Utah Symphony marks Rachmaninoff year with a resplendent Second Symphony  

Sat Oct 21, 2023 at 10:38 am
Rune Bergmann conducted the Utah Symphony in music of Rachmaninoff, Liszt and Saint-Saëns Friday night at Abravanel Hall. Photo: Ian Mower

A first-time Utah Symphony concertgoer had two strong takeaways from Friday night’s program. First, that Abravanel Hall is one of the finest concert venues in the country; and second, that the Utah Symphony is a most impressive ensemble, as reviews and word of mouth have indicated.

Led by Rune Bergmann, who made his Utah Symphony debut in 2021, the clear highlight of the concert was the performance of Sergei Rachmaninoff’s Symphony No. 2.

In this 150th birthday anniversary year of Rachmaninoff’s birth, the composer is being feted across the fruited plain. Earlier this week the Philadelphia Orchestra performed the same work (plus the Third Symphony) at Carnegie Hall. The Philadelphians also backed Yuja Wang’s marathon concert of all five of the Russian composer’s concertante works last January.

Bergmann, a big man who requires no podium to see everyone, is one of the most smilingest maestros one will ever encounter. Yet even with his equanimous persona, the Norwegian conductor showed himself a sympathetic interpreter of Rachmaninoff’s brand of darkly brooding Russian romanticism.

Bergmann led a spacious account while still keeping the vast, 50-minute symphony on track and moving. The initial appearance of the main theme in the violins was nicely restrained, and Bergmann paced the opening movement and varied the emotional temperature skillfully throughout. 

The scherzo-like second movement went with bristling vitality and Bergmann opened up for a luxuriant treatment of the sumptuous second theme in which the Utah Symphony strings provided richly upholstered playing of the big melody. So too in the long-limbed Adagio, the richness of the violins and violas gave glowing resplendence to the arching lyricism of the nostalgic main theme.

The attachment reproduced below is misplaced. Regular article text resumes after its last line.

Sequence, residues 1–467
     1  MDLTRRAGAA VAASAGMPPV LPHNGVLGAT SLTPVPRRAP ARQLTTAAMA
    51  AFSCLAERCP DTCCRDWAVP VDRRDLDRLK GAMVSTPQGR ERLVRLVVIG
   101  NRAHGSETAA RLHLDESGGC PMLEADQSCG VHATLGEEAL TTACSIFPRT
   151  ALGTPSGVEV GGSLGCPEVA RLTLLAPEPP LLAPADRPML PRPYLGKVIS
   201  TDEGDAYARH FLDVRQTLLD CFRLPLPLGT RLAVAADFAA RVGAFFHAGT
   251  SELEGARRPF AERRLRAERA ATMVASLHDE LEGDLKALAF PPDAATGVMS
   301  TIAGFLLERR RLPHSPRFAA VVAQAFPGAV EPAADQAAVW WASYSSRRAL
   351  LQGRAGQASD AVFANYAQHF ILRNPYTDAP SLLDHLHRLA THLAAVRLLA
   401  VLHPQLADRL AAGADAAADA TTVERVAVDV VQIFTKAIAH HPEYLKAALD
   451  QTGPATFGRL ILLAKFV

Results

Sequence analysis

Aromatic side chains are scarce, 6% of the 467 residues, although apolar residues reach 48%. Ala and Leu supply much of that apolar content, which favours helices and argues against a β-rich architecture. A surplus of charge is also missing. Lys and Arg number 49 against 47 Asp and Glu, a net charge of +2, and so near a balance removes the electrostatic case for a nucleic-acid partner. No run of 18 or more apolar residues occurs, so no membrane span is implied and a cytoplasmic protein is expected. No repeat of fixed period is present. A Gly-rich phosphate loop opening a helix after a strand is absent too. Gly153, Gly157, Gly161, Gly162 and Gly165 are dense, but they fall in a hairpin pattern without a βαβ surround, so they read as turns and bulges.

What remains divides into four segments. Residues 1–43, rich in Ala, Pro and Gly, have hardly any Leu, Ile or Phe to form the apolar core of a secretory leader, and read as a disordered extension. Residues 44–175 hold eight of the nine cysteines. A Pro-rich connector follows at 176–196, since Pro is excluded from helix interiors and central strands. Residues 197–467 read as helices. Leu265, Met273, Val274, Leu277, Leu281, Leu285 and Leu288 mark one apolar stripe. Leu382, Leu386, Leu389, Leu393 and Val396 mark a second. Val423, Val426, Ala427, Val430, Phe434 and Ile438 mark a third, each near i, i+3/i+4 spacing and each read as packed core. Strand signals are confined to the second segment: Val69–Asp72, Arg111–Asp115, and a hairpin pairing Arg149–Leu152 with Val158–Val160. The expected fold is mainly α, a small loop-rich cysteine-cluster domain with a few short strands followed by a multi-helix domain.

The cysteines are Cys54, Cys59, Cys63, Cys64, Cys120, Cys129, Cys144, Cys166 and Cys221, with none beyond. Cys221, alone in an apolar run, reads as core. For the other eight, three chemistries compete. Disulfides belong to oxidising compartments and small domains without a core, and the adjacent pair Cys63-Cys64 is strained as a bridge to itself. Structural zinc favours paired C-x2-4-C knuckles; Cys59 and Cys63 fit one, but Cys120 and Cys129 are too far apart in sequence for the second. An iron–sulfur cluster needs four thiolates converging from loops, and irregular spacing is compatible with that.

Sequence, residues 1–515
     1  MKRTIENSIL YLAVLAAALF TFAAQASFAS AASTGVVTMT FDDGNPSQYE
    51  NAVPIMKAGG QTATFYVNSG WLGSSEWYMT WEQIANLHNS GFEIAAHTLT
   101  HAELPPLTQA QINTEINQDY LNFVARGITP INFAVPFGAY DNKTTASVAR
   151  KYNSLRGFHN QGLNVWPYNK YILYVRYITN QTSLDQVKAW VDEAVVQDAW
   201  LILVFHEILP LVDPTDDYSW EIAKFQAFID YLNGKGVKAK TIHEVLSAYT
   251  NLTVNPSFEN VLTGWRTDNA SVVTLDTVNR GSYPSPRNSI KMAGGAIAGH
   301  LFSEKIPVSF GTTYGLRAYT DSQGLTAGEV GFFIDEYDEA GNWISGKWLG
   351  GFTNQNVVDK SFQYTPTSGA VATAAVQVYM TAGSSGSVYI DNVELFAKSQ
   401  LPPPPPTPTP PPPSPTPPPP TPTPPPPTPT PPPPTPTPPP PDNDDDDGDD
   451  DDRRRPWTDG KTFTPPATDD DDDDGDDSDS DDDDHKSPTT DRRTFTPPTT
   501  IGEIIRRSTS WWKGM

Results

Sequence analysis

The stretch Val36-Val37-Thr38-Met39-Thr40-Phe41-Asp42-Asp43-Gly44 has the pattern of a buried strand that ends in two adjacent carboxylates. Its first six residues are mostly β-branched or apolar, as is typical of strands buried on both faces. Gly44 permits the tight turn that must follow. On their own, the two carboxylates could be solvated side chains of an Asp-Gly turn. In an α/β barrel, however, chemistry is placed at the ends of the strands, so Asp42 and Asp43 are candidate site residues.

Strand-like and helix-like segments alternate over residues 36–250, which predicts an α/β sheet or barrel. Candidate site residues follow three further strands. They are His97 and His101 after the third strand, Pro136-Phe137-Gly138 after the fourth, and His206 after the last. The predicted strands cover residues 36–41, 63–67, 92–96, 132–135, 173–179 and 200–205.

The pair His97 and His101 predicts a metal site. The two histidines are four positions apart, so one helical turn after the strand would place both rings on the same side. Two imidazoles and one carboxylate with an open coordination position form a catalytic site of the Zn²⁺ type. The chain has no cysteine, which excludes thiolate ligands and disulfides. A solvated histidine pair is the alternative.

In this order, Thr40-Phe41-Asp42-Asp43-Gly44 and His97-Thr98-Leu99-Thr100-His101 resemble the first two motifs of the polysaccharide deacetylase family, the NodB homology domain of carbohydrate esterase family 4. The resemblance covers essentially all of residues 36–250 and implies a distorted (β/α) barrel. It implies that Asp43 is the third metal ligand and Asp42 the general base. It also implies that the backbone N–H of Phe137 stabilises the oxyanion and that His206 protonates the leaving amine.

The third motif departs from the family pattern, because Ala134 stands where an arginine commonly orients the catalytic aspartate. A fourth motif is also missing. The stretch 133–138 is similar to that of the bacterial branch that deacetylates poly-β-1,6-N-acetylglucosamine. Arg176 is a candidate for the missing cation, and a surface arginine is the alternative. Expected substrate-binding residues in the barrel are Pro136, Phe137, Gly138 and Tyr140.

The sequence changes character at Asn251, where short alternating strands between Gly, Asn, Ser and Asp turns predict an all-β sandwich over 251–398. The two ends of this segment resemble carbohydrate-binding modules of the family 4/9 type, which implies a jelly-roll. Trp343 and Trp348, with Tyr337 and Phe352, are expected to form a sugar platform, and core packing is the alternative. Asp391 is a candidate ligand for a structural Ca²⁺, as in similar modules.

At terms Bergmann’s balancing seemed slightly off with secondary material and accompanimental figures poking through the top line for no apparent reason. But for the most part, he led a dedicated and idiomatic Rachmaninoff performance, drawing inspired playing by the orchestra across all sections. The performance was rounded off with a dynamic account of the finale, Bergmann ratcheting up the alternating of themes to a driving, exhilarating coda.  

The performance well deserved the enthusiastic ovation by the capacity Abravanel Hall audience. But what was up with the sustained applause after every movement?

The red and purple mood lighting served to accent the musical devilry on tap in the first half, aptly timed for the Halloween season.

Joyce Yang performed Liszt’s Totentanz Friday night. Photo: Ian Mower

The one thing that can be said for Franz Liszt’s Totentanz is that it’s not quite as crummy a piece as his First Piano Concerto. Soloist Joyce Yang, a popular guest with the Utah Symphony, brought daunting power and graceful finesse to the Hungarian’s vacuous potboiler on the Dies irae theme, though the work’s noise and empty flash remain in inverse proportion to its musical substance. One wished this gifted pianist was being heard in better music. Bergmann and the orchestra provided alert support.

The applause brought Yang back out for a Gershwin encore, Earl Wild’s retooled version of “The Man I Love.” Though the pianist played the confection fluently, one would have liked a lighter touch and a bit more Gershwinesque charm.

The evening led off with Saint-Saëns‘ Danse macabre, which also utilizes the Dies irae theme. Shot out of the canon over the past half-century from its previous omnipresence as a concert staple, the Danse still makes an effective curtain-raiser. If Bergmann’s reading was more amiable than spooky, the orchestra’s whipcrack tuttis were impressively intense and concertmaster Madeline Adkins brought apt fiddle diablerie to her solos.

This week’s concerts mark the debut of the orchestra’s “Masterworks Magnified” series, with lighting enhancement, extra lobby activities, and a host.

The presentational aspects of this new format may need some work. Ben Kipp, the Utah Symphony’s director of education, was a cordial master of ceremonies Friday night yet his verbal program notes at the top of the evening went on too long and eventually started to take the air out of the room. This kind of basic musical introduction would seem better suited to a pops or children’s concert than a subscription program for adults. Kipp’s cringe dialogue with Bergmann to open the second half was mercifully cut short.

Equally dubious was the iridescent stage lighting, with the  constantly changing mood enhancement (red, purple, blue and yellow) becoming a visual distraction during the Rachmaninoff performance. Great music doesn’t require a light show.

The program will be repeated 5:30 p.m. Saturday. utahsymphony.org

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